“Fear can be the hardest emotion to shake,” states Pratt. “Making sure your actions do not foster it is essential, as is finding someone qualified who can assist when things do arise.”
Instead, choose strategies and professionals who identify as “fear no” or provide training focused on positive reinforcement. These training techniques and strategies aim at rewarding desired behaviors while redirecting any undesirable ones.
Pratt suggests framing it all as one question: When my dog acts inappropriately, what are my options for reinforcing him or her again? Does reinforcement get taken away or do I receive explanation? While one option will help your pup thrive while another won’t.
Mistake #6: Seeking Advice in Unfavorable Sources
Aside from outmoded dominance-centric training materials and trainers available, Pratt has also noticed an alarming trend regarding advice gleaned from strangers on the internet.
“People may experience behavior problems with their dogs that they want to address – such as screaming or yelping when near the food bowl – that they want to alter. Many turn to social media sites for advice,” notes Miller. Other people can offer suggestions as they have experience working with dogs themselves; everyone has opinions about what should be done but this doesn’t guarantee they are grounded in facts or even useful.”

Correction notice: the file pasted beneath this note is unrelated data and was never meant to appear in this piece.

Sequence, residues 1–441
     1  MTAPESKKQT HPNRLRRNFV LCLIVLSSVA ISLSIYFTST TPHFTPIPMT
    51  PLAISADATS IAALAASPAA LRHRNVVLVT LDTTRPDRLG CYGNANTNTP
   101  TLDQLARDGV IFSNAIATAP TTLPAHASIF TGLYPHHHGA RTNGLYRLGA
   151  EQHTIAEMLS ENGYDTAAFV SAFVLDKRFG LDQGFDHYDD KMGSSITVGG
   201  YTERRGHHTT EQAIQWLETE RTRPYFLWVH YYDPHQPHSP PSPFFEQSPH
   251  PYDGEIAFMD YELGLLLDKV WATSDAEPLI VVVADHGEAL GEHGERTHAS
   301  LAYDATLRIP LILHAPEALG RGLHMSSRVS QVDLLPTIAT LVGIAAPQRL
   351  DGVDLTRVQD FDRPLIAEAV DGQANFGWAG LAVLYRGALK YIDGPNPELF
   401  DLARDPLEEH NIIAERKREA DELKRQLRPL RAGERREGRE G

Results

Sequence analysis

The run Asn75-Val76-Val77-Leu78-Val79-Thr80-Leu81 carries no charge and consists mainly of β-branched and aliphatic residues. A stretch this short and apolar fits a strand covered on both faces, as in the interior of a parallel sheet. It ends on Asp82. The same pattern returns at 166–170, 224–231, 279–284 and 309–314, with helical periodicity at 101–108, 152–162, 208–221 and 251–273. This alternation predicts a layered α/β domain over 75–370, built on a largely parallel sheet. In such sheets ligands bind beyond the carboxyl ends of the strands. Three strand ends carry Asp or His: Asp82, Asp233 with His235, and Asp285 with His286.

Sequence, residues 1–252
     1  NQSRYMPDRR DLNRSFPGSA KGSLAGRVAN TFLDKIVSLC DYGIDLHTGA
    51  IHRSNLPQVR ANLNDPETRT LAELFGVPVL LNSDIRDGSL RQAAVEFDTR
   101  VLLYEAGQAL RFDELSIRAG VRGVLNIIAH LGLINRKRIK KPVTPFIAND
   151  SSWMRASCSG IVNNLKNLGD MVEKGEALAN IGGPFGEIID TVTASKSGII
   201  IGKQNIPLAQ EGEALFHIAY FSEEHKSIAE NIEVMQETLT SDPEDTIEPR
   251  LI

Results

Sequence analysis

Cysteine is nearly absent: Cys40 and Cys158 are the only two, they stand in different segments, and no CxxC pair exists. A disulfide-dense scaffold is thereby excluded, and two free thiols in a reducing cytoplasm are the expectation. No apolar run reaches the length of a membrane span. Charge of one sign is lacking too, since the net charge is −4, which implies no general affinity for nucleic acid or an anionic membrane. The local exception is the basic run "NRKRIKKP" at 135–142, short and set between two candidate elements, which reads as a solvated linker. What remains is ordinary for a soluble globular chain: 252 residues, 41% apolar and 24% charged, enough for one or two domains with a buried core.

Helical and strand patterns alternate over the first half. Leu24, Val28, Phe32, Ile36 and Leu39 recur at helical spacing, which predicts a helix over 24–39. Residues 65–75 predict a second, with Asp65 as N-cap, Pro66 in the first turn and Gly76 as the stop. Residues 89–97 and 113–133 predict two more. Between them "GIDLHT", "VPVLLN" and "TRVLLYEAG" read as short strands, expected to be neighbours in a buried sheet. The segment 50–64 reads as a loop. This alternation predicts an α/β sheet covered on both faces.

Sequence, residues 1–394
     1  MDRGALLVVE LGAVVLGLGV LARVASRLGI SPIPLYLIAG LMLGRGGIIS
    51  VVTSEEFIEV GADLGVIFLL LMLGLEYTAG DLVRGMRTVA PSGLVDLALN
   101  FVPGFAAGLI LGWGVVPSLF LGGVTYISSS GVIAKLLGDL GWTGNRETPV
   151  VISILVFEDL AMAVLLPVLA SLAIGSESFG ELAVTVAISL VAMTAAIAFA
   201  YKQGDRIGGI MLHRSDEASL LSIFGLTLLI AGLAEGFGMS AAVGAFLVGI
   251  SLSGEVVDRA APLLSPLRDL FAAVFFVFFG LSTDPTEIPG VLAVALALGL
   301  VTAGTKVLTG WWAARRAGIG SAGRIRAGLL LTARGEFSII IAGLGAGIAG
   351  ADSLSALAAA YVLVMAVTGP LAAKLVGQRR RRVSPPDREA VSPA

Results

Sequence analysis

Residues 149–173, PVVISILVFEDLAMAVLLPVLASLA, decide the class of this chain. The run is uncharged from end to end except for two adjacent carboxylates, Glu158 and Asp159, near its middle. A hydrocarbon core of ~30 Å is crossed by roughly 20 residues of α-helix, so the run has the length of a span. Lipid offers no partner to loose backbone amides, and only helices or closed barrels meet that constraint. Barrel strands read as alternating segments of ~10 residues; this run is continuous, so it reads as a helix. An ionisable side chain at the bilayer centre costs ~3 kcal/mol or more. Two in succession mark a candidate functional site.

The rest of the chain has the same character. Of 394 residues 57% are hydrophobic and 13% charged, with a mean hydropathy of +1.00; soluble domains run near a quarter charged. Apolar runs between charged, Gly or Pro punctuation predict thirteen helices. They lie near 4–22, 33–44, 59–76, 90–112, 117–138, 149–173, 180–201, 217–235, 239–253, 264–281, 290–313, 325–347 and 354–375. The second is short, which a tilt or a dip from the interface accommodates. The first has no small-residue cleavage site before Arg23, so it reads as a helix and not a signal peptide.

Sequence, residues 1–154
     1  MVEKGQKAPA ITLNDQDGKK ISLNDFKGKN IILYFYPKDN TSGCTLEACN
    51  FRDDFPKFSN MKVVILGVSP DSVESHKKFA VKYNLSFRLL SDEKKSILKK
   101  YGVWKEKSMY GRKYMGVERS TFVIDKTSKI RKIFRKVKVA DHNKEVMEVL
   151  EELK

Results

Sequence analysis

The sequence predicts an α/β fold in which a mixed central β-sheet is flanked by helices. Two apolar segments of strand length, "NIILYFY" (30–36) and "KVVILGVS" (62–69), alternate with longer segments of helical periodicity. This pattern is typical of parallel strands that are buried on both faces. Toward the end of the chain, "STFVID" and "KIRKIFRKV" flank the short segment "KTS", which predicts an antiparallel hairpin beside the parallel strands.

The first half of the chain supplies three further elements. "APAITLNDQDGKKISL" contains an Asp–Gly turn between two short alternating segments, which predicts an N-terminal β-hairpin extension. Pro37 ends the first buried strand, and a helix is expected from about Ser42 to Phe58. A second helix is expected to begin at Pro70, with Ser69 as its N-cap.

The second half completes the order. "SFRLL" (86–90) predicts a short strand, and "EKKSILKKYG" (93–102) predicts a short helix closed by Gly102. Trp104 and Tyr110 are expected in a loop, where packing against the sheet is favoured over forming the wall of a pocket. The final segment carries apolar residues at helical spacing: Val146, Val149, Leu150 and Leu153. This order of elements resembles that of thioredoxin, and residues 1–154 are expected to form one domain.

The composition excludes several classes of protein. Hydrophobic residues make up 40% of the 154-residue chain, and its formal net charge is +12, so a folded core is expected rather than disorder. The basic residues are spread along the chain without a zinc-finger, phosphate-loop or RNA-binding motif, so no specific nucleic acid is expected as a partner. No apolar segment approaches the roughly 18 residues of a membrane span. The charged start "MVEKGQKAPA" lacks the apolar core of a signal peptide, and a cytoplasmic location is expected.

No matter your need – be it answers to a query, personal consultation or professional assistance in dealing with behavioral issues – professional help should always come from those advocating safe techniques as we have mentioned earlier. It is also wise to look for individuals possessing qualifications like:
Certified Professional Dog Trainer)
Certified Behavior Consultant Canine (CBCC), IAABC (International Association of Animal Behavior Consultants).
Mistake #7: Hovering Over Your Dog
Part of effective dog training requires becoming aware when and how you should keep your pup out of his path while also giving him space and freedom to work through solutions on his own. According to Dr. Florsheim, there’s no better time or place than during walks–known by some as “sniffari.”
“While we would like for our dogs to learn to walk alongside us and pay attention when needed, give them a leash so they can sniff and play,” according to she says.
Mistake #8: Pushing Your Dog Too Hard
Are you finding that your pup seems disengaged with his training after only a few minutes? According to Dr. Florsheim’s advice, this shouldn’t be seen as an issue with him personally; just make sure the session ends within four minutes for maximum effectiveness.
Keep them wanting more, she recommends. Equally as important is not trying to force a square peg into an oval hole – some dogs prefer training in groups while others may struggle staying focused in such an environment; other may prefer practicing agility by playing games while another would prefer working his nose instead.